Folklore in Hawaii

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Folklore in Hawaii in modern times is a mixture of various aspects of Hawaiian mythology and various urban legends that have been passed on regarding various places in the Hawaiian islands. The following is a partial list of some of these legends.

Ancient Hawaiian folklore[edit]

Night marchers[edit]

According to Hawaiian legend, night marchers (huaka‘i po in Hawaiian) are ghosts of ancient warriors. They supposedly roam large sections of the island chain, and can be seen by groups of torches. They can usually be found in areas that were once large battlefields (the Nuuanu Pali on the island of Oahu is a good example.) Legend has it that if you look a night marcher straight in the eye, you will be forced to walk among them for eternity, but if you have a relative taken by them, you will be spared. Hawaiians say that in the presence of night marchers, one should lie down on their stomach, face down to avoid eye contact, stay quiet, breathe shallowly, and don’t move. Some say that they may nudge you to provoke a reaction so they can take you. Moanalua Gardens is one of the many places the Night Marchers are said to roam.

Carrying pork over the Nuuanu Pali[edit]

Local folklore on the island of Oahu says that one should never carry pork over the Pali Highway connecting Honolulu and Windward Oahu. The stories vary, but the classic legend is that if one carries pork of any kind over the old Pali road (not the modern pali highway) by automobile, the automobile would stop at a certain point on the way and not restart until the pork is removed from the vehicle.

  • Some versions of the story require the pork to be raw; other versions say that this happens after dark.
  • In some versions, a white dog or an old woman in a holuku will appear at the time the automobile stalls, and you must feed the pork to the dog to proceed.

This legend has its roots in ancient Hawaiian mythology. According to legend, the Hawaiian volcano goddess Pele and the demigod Kamapua‘a (a half-man-half-pig) had a turbulent relationship, and the two agreed not to visit each other. If one takes pork over the Pali, the legend goes, one is symbolically taking a piece of Kamapua‘a from one side to the other, and it is said that Pele would stop that from happening.

Alternately, the legend is attributed to a magic dog, which was killed and cooked and put in an 'umeke to be carried over the pali and given as a gift to the mother/wife of the perpetrator. Women did not eat pork in ancient Hawaii, but were allowed to eat dog. The dog's owner followed and called to the dog, which came alive, answered from within the 'umeke, causing the carrier to drop his pole and flee. The dog then returns to its master. A dog as food was offensive to the American missionaries, and under their influence, the dog meat in the story became pork. The Pele/Kamapua'a stories were adapted to make the story fit, the old lady in the white holoku is also Pele, but that too was corrupted from other tales.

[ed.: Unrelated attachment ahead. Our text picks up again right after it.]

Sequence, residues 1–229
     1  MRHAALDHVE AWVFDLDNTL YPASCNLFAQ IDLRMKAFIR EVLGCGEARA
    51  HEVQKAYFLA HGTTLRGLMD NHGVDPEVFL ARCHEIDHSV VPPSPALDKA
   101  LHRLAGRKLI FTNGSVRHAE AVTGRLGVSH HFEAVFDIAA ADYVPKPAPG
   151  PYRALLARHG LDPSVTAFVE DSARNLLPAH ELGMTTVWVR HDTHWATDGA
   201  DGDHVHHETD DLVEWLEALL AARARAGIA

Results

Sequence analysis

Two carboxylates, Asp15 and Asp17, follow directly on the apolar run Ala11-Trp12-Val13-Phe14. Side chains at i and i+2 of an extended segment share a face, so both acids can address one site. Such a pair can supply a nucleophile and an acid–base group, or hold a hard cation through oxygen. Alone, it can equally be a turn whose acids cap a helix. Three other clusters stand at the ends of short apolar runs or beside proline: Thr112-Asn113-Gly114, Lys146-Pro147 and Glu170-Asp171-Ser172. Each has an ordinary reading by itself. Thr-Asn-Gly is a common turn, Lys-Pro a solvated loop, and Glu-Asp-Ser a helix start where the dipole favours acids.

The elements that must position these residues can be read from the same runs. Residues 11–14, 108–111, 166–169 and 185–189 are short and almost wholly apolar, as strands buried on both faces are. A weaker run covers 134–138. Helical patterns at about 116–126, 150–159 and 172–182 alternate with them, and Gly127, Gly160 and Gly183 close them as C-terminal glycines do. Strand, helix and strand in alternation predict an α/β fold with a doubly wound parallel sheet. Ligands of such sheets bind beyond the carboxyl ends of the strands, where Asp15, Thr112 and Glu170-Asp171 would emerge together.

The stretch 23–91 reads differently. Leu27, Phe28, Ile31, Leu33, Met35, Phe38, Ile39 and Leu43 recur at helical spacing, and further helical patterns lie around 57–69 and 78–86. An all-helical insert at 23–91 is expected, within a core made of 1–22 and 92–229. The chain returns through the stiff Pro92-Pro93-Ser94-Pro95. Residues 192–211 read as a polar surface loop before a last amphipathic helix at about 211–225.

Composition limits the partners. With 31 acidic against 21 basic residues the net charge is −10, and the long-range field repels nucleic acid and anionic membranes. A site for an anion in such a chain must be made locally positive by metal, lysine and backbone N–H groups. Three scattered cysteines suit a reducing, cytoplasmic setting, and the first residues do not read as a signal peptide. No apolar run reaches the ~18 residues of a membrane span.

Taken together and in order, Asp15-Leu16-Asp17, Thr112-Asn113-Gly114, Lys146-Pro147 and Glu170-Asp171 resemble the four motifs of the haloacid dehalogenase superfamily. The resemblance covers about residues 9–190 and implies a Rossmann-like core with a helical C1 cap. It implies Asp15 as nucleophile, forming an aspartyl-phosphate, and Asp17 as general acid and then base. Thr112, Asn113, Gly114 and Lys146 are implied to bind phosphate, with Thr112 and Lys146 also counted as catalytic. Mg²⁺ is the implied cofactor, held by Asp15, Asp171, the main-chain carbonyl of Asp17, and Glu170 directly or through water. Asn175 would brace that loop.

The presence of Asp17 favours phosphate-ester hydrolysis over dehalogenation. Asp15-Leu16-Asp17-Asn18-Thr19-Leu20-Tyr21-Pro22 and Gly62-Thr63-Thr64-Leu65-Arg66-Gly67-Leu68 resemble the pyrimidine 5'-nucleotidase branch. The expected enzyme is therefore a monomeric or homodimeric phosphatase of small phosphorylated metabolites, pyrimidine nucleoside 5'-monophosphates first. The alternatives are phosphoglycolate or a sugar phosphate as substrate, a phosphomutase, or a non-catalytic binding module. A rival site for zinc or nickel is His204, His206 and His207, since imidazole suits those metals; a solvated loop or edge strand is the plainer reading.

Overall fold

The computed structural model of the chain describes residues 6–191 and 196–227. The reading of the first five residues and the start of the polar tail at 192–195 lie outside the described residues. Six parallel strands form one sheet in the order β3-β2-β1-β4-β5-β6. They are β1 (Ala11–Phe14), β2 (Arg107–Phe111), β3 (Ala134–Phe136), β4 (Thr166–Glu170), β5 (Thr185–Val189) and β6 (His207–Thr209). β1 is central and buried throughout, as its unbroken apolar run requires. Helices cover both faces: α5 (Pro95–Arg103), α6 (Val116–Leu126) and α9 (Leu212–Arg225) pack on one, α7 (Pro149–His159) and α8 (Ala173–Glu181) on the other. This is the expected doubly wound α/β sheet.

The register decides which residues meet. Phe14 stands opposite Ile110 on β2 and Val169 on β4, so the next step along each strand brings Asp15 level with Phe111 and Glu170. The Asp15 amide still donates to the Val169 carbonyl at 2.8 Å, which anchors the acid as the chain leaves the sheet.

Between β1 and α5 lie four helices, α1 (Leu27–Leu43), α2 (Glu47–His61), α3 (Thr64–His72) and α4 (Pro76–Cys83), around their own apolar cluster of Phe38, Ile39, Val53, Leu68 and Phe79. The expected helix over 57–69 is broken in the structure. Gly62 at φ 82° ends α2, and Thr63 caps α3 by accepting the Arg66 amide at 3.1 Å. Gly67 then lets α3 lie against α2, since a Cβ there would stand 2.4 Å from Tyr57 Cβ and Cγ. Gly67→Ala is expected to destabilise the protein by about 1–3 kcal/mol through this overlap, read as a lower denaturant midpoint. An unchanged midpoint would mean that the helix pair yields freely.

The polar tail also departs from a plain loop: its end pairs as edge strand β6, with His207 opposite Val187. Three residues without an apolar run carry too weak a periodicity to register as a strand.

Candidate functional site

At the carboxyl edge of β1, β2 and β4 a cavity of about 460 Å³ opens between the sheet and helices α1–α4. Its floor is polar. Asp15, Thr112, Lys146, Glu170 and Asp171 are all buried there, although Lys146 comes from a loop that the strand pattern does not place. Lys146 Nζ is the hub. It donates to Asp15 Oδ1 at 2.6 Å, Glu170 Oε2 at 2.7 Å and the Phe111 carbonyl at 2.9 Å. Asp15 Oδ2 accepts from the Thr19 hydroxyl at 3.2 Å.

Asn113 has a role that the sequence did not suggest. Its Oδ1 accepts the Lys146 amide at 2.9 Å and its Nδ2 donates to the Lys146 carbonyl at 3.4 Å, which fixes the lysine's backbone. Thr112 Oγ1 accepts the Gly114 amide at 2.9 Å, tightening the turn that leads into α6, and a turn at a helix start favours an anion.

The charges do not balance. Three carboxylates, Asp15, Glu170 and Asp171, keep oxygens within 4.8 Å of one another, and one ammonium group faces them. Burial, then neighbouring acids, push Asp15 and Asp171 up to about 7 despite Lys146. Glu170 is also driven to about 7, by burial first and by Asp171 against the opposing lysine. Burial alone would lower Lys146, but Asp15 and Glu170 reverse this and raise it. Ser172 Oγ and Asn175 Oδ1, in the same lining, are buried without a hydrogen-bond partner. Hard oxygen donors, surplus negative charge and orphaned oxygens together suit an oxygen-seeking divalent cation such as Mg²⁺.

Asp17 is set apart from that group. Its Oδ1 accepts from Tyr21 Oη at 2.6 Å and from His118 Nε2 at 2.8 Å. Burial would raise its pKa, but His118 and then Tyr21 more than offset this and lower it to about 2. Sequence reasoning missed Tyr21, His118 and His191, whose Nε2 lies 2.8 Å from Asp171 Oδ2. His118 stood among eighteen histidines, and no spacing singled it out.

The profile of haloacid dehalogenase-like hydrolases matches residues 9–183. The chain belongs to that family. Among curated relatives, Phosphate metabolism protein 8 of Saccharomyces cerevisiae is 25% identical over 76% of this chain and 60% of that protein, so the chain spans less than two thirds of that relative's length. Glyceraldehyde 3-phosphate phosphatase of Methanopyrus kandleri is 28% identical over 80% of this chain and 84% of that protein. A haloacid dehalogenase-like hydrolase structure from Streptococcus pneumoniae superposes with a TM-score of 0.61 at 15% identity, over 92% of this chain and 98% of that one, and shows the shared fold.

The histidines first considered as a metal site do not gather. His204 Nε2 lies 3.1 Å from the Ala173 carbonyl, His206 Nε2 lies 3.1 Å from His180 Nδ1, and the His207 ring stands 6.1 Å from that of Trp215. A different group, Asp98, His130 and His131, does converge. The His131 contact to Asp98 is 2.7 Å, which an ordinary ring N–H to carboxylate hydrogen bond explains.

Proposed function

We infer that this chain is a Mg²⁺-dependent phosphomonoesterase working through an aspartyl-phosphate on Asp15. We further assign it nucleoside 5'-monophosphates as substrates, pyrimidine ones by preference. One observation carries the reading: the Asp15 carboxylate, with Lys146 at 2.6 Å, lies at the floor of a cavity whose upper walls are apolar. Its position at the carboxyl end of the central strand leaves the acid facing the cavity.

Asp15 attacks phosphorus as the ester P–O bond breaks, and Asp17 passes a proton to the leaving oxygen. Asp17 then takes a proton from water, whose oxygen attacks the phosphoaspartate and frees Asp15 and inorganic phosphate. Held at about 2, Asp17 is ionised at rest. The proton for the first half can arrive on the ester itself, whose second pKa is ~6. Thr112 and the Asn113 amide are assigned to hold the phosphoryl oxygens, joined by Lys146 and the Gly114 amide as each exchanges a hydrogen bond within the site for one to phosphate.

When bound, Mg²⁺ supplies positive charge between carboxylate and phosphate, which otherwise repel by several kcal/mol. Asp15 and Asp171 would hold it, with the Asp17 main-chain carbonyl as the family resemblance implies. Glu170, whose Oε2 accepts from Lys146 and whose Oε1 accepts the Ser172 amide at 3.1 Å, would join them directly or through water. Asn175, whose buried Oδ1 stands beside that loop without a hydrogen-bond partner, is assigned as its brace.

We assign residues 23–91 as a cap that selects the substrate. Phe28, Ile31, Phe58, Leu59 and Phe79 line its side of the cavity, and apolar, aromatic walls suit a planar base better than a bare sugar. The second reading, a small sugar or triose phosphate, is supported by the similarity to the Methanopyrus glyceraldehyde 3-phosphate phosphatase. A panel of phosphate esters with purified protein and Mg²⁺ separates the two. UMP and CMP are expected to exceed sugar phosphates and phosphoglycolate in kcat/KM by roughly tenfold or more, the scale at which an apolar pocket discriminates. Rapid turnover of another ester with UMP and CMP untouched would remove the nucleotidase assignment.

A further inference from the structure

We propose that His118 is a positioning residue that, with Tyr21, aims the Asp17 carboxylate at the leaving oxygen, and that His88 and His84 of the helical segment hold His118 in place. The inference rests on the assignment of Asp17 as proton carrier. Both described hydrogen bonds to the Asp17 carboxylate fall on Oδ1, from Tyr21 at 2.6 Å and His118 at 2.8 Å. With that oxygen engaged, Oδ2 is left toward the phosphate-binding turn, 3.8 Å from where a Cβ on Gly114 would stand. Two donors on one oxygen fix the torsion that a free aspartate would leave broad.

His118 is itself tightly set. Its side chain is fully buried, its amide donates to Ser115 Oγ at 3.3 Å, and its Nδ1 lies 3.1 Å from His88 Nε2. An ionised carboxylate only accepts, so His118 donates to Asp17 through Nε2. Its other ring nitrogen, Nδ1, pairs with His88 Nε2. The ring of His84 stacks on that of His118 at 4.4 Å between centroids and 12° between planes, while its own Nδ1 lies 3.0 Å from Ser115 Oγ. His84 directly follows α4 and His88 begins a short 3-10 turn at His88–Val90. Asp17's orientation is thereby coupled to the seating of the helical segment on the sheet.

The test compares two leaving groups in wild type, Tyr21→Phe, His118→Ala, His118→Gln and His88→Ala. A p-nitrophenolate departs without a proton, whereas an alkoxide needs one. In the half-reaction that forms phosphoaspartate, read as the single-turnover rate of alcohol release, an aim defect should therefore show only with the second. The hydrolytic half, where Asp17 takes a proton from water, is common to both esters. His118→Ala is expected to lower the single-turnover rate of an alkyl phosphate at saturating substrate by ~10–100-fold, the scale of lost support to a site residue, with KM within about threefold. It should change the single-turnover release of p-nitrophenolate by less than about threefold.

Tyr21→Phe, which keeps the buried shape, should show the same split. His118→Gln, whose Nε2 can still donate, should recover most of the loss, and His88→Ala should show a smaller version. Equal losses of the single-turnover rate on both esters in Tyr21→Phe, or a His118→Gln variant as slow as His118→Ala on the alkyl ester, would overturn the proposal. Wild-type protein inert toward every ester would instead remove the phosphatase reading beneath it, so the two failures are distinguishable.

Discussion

Modern urban legends[edit]

Paradise Park/Manoa Falls Hiking Trail[edit]

You can apparently hear a spectre/banshee screaming while walking along the path. Paradise Park is the never discarded name of the bird show/exhibit that was located there in the past. It was abandoned for an unknown reason. If one goes to the side of the parking lot you will see the overgrown ruins of a nursery. Behind this is a covered walkway twisting its way through dilapitated cages and building, some still bearing signs telling what kind of bird was housed there. On one side of these buildings is a small hut with a statuette of the Virgin Mary, and a Portuguese stone oven. There is also a Japanese pagoda. There are no records of cultural exhibits at Paradise Park, so the purpose of these buildings remains a mystery.

Events in Waialae and Kahala[edit]

At one time, the land that is now subdivisions in Waialae and Kahala Mall in eastern Honolulu were once the site of a graveyard. Since that time, two known events have occurred there.

The Mujina[edit]

The Green Lady[edit]

The story of the green lady is that of a woman who would visit the gulch of Wahiawa, which also contains the Wahiawa Botanical Garden, with her children.[1] One day while visiting one of her children became lost and was never found. The story goes that she still wanders the gulch looking for her child, or children, and will take any child that she comes across in the gulch. There have been several reports of seeing a green woman covered in moss or mold wandering the gulch. Others say that the green woman closely resembles that of a Japanese mythological creature called the kappa. This creature is said to resemble a turtle-like humanoid that steals children to feast upon. The last known sighting was said to have happened in the mid to late 1980s. In modern times, children and teenagers dare each other to run across the bridge that runs over the gulch at night. Most speculators say that this story was made up to keep children from wandering into the gulch by themselves.[2]

See also[edit]